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A Runaway Brig; by James Otis

[Illustration: Harry pointed seaward, toward the brigantine, moving through the water slowly.--(See page 9.)]

A RUNAWAY BRIG;

OR,

An Accidental Cruise.

BY JAMES OTIS,

_Author of_

"The Castaways," "Toby Tyler," "Mr. Stubbs' Brother," "Left Behind," "Raising the Pearl," "Silent Pete," etc., etc.

ILLUSTRATED.

[Illustration]

NEW YORK: A. L. BURT, PUBLISHER.

COPYRIGHT 1888, BY A. L. BURT.

A RUNAWAY BRIG.

CHAPTER I.

THE SALLY WALKER.

"I'm going down to the beach to find Jim Libby. If you'll come along we'll have a prime sail; and most likely this is the last chance we shall have to go out with him, for his vessel leaves in the morning."

"How can I go when I've got to mind this young one all the forenoon just 'cause the nurse must go an' have a sick headache? I don't believe she feels half as bad as I do!" And Walter Morse looked mournfully out over the blue waters with but little care for his baby sister, who was already toddling dangerously near the long flight of steps leading from the veranda of the large summer hotel.

"Can't you coax off for a couple of hours?" the first speaker, Harry Vandyne, asked.

"It's no use. Mother has gone to ride, and said I was to stay here until she came back."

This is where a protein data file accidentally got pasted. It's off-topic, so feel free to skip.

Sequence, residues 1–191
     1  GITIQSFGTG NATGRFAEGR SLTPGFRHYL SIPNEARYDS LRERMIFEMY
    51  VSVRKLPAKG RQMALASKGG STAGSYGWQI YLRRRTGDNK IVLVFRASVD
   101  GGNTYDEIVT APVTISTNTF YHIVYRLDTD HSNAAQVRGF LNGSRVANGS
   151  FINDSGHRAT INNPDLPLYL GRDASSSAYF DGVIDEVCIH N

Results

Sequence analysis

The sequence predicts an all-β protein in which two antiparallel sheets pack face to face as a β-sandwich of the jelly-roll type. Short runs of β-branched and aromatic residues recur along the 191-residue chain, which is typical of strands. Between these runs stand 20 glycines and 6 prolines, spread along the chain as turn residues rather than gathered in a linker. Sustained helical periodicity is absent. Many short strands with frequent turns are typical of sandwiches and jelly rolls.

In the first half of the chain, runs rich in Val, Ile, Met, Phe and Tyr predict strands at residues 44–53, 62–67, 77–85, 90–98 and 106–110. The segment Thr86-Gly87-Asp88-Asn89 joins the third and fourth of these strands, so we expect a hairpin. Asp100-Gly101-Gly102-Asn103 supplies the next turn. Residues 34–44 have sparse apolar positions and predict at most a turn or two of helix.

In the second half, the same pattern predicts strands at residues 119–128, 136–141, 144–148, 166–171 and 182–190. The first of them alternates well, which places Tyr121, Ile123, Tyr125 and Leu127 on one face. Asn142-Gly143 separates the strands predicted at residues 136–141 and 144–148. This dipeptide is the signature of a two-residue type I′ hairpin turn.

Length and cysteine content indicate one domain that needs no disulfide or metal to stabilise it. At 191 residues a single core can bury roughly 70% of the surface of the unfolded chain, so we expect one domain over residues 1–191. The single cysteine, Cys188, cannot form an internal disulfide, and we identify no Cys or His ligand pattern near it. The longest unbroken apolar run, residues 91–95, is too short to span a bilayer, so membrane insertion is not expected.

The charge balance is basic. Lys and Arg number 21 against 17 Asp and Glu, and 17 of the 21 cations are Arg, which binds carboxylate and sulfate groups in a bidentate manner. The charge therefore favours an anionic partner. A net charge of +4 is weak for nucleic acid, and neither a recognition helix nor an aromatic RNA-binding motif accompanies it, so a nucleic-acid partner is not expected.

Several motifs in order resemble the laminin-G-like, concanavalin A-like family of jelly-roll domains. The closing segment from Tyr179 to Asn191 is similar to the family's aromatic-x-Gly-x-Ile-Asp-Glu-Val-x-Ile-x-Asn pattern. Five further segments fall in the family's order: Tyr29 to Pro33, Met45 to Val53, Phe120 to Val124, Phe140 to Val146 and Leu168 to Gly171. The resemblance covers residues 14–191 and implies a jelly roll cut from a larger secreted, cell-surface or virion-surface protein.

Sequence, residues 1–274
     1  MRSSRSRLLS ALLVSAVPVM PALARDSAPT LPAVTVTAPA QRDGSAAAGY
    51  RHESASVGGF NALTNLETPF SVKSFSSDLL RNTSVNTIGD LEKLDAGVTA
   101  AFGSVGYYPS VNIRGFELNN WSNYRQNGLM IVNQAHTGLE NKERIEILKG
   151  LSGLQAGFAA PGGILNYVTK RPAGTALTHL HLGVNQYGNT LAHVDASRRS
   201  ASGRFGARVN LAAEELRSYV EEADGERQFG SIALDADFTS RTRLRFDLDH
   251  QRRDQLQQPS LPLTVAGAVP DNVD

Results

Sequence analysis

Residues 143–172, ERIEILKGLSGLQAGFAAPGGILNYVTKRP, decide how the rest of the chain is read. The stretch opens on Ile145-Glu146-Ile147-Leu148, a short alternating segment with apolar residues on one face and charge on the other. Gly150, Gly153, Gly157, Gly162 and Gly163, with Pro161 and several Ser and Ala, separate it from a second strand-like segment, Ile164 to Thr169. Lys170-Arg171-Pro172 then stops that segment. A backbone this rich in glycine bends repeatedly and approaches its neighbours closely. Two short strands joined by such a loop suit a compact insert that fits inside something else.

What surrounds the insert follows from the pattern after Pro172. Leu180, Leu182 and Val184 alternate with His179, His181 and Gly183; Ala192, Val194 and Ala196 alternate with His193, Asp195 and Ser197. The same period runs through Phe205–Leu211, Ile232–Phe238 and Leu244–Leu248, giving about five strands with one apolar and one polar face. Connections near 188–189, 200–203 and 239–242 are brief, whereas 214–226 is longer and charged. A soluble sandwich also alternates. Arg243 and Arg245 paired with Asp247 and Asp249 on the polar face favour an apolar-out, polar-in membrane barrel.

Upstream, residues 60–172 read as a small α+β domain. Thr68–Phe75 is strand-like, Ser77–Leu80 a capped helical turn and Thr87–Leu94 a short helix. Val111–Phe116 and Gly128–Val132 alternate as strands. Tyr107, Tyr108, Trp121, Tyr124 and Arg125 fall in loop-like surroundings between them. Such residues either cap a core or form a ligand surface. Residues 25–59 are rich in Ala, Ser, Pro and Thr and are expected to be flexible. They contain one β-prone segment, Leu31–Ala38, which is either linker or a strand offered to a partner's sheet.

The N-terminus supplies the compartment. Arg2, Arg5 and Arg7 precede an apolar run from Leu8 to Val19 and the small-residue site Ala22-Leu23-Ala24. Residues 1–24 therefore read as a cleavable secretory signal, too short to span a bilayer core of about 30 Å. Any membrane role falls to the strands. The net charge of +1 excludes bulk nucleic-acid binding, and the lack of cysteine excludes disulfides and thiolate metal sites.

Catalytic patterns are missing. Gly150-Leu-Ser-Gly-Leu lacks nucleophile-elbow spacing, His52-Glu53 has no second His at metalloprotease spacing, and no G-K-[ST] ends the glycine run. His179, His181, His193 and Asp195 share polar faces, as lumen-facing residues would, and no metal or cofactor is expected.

Harry started toward the beach, determined not to lose a single hour of pleasure because of his friend's engagements; but before he had taken half a dozen steps a sudden, and what seemed like a very happy thought, occurred to him.

"I'll tell you how it can be fixed. Hire one of the other nurses to take care of your sister till we get back. Any of them will do it for a quarter, an' we'll be home before your mother comes."

The boys were spending the summer at the Isle of Shoals, off the New England coast. Harry's father was Robert Vandyne, the well-known ship-owner of New York, and Walter's was equally prominent in the wholesale dry-goods business on Broadway. During their stay at this summer resort they had made the acquaintance of Jim Libby, "cook's assistant and everybody's mate" on the fishing-schooner Mary Walker, a craft which visited the Shoals once each week to supply the hotels with fresh fish.

Jim was at liberty to follow the dictates of his own fancy several hours each day while in port, and the boys found him ever ready to take them out sailing in the square-bowed, leaky tender belonging to the schooner. As Harry had said, this was Jim's last day on the island until the end of another cruise, and Walter was so eager to blister his hands and wet his feet once more by rowing the Sally Walker--the tender was dignified with a name--around the shore that he really did not stop to consider all Harry's advice implied.


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